As the new academic year of my 6th grade began, there was a new classmate as usual. But this one had something special. He was so charming in his own notorious way, he could easily get away from problems, his dressing sense, his mannerisms, everything! I couldn’t help it but, fall for him. I believe that was the first clue of nature in discovering myself. But, life isn’t so easy, is it? It has its own unique ways of building us for a better tomorrow. Even though I was a district level player and was indulged in all sorts of the so-called ‘masculine’ sports activities, which my family had made me join to ward off the ‘sissy’ behavior in me, NCC was also one among them. And that one camp changed my entire life.
Anyone who has been to an NCC camp is very familiar with the term ‘Lota-Parade’. It simply is a code used at NCC for the morning session of pooping. We all cadets were supposed to go in a group of 10 at a time, dig a hole, do the necessary ritual and come back. Now, this was a major problem for a shy kid like me so, I decided to carry out my sessions of excretion post everyone is asleep at night. The initial 2 days went smoothly (pun intended) but, I was caught on the 3rd day. As it was the 1st time that I was caught in the act, I was left with a strict warning to which I did not pay heed and was again caught on the way 4th day. This time they gave me a punishment for which, I had to do 200 somersaults. On a very honest note, for a shy kid like me, 200 somersaults didn’t seem much of a deal and hence, I prepared myself to do 200 somersaults every time I’d be caught. Unfortunately, in any institution as disciplinary as the NCC, punishments get severe with repetition.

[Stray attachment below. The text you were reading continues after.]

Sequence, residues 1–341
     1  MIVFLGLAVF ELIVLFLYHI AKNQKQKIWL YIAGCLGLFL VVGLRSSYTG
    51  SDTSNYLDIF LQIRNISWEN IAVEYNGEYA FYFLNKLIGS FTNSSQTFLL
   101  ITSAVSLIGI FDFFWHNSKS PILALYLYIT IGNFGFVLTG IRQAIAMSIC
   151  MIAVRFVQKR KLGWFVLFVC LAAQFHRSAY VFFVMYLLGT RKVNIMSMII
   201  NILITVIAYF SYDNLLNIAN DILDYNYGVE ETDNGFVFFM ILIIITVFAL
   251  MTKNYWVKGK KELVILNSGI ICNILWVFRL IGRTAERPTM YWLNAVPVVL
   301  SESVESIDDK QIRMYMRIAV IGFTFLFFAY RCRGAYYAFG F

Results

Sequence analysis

With my shyness overpowering me, I repeated the same mistake on the 5th day as well. But now, it wasn’t going to be as easy as 200 somersaults. “You never learn, do you?” one of the seniors said. His tone made me realize that nothing is going to be the same anymore. The seniors pinned me to a nearby tree and assaulted me sexually. The acts that they carried out were something I pray no one should ever go through. That night, was the first time ever, that I had a physical thing with a guy. Definitely not something that I had imagined of but, it had happened. A night that was now going to be my worst nightmare.
Somehow I wanted to get over everything that had happened to me at NCC but I couldn’t find any amount of courage to get over it all, and that was where I started drinking alcohol. The memories of that night wouldn’t leave me. I started losing my focus from my studies, I struggled to pass through my high school and then, even when I stood 70th in the entire country for IIHM, I couldn’t claim my seat in the institution as I was too scared to go through a mandatory physical test for the admission. The impact of that one night was such, that I discontinued my studies and started working. With the money chipping in from various jobs, I started drinking heavily and made a wall around me surrounded with so-called ‘friends’ and ‘lovers’. All of those illusions seemed perfect in my drunk state, till the year, 2008.